Commodities are volatile. I continue to believe that oil prices are clearly sensitive to the uncertainty in the Middle East and any threats to supplies in any of the oil producing countries can cause a sharp increase in prices. A falling US dollar will also contribute to an increase in commodity prices in general. Gold is trying to get even for the year. I believe that if you own gold, keep it. Gold remains a hedge against the global uncertainties. I see no reason at this time to sell any commodities in portfolios.

The NYCE US Dollar Index is a measure that calculates the value of the US dollar through a basket of six currencies, the Euro, the Japanese Yen, the British Pound, the Canadian Dollar, the Swedish Krona, and the Swiss franc. The Euro is the predominant currency making up about 57% of the basket.

Corporate bonds contain elements of both interest rate risk and credit risk. Treasury bills are guaranteed by the U.S. government as to the timely payment of principal and interest, and if held to maturity, offer a fixed rate of return and fixed principal value. U.S. Treasury bills do not eliminate market risk. The purchase of bonds is subject to availability and market conditions. There is an inverse relationship between the price of bonds and the yield: when price goes up, yield goes down, and vice versa. Market risk is a consideration if sold or redeemed prior to maturity. Some bonds have call features that may affect income.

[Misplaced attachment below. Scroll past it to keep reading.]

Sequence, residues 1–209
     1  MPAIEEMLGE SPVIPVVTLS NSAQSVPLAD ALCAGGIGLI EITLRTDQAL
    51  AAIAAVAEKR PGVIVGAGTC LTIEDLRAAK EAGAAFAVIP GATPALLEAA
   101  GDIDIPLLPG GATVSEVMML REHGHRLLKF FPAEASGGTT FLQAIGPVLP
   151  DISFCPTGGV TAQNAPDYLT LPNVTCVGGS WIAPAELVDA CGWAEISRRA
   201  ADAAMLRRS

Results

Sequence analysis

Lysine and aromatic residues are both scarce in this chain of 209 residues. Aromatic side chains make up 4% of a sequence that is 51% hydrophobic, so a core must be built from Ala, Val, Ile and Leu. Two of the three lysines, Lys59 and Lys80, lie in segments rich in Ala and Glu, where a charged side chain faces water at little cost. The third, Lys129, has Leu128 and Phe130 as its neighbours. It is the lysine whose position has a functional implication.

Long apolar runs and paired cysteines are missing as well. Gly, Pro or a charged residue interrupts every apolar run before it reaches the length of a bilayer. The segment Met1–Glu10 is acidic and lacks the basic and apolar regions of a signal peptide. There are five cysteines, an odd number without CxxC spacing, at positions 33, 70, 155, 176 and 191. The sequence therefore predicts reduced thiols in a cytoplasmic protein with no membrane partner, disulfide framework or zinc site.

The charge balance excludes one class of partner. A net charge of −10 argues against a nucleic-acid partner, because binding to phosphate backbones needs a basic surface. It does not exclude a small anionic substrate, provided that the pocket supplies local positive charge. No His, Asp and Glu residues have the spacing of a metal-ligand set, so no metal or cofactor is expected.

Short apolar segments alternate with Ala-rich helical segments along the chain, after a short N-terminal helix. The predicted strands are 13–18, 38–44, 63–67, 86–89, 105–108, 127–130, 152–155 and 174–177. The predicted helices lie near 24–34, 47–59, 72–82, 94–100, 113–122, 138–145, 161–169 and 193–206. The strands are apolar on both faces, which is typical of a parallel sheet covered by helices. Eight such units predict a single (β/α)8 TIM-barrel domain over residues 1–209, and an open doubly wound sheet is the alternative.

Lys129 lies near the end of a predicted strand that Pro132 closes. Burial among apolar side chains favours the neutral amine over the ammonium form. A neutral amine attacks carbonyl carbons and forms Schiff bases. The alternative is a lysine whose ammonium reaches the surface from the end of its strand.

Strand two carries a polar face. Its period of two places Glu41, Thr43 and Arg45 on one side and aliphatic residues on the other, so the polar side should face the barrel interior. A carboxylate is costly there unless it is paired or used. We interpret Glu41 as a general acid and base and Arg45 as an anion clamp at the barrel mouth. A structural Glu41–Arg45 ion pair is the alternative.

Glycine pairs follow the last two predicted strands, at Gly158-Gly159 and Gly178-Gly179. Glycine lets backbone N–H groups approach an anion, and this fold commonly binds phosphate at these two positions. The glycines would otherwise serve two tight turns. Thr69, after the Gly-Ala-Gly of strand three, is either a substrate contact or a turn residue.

Emerging market investments involve higher risks than investments from developed countries and also involve increased risks due to differences in accounting methods, foreign taxation, political instability, and currency fluctuation. The main risks of international investing are currency fluctuations, differences in accounting methods, foreign taxation, economic, political or financial instability, and lack of timely or reliable information or unfavorable political or legal developments.

The commodities industries can be significantly affected by commodity prices, world events, import controls, worldwide competition, government regulations, and economic conditions. Past performance is no guarantee of future results. These investments may not be suitable for all investors, and there is no guarantee that any investment will be able to sell for a profit in the future.

As always, if you have any specific questions on your portfolio or wish to talk to me, please do not hesitate to call.